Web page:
Term infants: 0.3 to 4 days of age: 10.7 hours (range: 4.9 to 16.8 hours); 26 to 73 days of age: 8.2 hours (range: 5.7 to 31.7 hours)

Neonates: 23 hours (range: 12 to 39 hours)

Infants 3 to 18 months: 2.3 hours

Children 5 to 8 years: 3 hours

Adults: 2.5 to 4 hours, Liver disease: 7 to 11 hours

Normeperidine (active metabolite): Neonates: 30 to 85 hours; Adults: 8 to 16 hours; normeperidine half-life is dependent on renal function and can accumulate with high doses or in patients with decreased renal function; normeperidine may precipitate tremors or seizures

Protein Binding

To alpha 1-acid glycoprotein: Neonates: 52%; Infants: 3 to 18 months: 85%; Adults: 65% to 75%

Special Populations: Renal Function Impairment

Accumulation of meperidine and/or normeperidine may occur.

Special Populations: Hepatic Function Impairment

Accumulation of meperidine and/or normeperidine may occur. Half-life is 1.3 to 2 times greater in cirrhotic patients.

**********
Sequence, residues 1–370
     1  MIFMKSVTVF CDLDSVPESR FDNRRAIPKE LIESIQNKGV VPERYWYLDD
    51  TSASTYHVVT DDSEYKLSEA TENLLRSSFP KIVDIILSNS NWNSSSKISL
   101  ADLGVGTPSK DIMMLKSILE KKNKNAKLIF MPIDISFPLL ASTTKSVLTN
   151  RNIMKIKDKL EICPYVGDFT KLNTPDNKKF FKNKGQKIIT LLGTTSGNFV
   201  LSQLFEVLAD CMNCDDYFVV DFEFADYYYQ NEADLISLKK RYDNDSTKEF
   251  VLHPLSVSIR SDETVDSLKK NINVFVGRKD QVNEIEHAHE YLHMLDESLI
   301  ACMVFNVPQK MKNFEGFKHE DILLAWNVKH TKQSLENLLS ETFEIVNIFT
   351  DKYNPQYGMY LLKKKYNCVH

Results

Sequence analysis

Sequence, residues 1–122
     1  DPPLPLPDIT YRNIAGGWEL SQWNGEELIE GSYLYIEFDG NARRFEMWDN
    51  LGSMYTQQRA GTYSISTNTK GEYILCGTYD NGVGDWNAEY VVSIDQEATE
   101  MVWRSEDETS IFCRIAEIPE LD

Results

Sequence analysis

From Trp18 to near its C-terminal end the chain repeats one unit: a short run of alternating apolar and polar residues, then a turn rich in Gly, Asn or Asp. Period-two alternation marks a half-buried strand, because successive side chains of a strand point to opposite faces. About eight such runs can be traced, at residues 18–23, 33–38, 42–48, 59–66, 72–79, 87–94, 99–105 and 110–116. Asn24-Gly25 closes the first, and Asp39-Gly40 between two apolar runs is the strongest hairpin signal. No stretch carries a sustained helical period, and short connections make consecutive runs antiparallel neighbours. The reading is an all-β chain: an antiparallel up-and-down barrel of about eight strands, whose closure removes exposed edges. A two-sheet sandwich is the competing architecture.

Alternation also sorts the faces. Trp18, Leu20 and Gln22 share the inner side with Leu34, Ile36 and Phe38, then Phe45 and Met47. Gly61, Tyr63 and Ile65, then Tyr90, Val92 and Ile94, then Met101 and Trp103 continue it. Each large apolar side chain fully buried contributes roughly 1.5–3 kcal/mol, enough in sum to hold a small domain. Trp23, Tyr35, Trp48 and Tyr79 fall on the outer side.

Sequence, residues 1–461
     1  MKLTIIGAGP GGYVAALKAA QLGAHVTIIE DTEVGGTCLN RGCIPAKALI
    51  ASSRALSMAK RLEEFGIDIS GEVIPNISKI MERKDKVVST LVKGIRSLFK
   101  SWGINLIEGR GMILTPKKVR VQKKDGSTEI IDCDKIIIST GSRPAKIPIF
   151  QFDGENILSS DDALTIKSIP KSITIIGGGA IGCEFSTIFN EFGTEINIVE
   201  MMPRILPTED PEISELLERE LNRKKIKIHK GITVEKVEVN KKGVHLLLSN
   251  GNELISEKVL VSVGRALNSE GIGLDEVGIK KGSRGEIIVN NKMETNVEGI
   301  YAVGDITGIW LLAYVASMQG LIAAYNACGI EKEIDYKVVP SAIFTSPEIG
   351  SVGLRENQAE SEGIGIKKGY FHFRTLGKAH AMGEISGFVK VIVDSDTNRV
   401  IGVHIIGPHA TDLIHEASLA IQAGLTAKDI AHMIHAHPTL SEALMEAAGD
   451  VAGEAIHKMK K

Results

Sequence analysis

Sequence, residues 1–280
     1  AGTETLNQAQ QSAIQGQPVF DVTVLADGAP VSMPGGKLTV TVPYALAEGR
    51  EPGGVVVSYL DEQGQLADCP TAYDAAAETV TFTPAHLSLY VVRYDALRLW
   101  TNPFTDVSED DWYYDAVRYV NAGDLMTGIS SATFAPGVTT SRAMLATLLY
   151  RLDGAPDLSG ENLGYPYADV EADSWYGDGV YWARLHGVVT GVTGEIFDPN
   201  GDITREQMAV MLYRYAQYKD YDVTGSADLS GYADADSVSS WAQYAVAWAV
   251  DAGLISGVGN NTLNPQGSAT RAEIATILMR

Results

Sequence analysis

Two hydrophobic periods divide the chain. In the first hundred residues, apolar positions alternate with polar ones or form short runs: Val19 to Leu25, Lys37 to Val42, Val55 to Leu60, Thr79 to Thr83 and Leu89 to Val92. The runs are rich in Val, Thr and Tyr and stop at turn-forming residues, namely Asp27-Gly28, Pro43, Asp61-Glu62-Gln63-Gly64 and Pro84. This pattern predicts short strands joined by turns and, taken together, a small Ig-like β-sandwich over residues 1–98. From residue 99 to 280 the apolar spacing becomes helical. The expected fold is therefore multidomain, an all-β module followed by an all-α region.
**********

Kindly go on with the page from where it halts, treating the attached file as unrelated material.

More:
Special Populations: Elderly

Elderly patients have a slower elimination rate.

Special Populations Note

Postoperative patients: The half-life is 1.3 to 2 times greater in these patients.

Use: Labeled Indications

Pain management: Management of acute pain severe enough to require an opioid analgesic and for which alternative treatments are inadequate; obstetrical analgesia, preoperative medication (IV only).

Limitations of use: Reserve meperidine for use in patients for whom alternative treatment options (eg, non-opioid analgesics, opioid combination products) are ineffective, not tolerated, or would be otherwise inadequate to provide sufficient management of pain. Do not use for treatment of chronic pain. Prolonged use may increase the risk of toxicity (eg, seizures) from the accumulation of the meperidine metabolite, normeperidine.

Off Label Uses

Postoperative shivering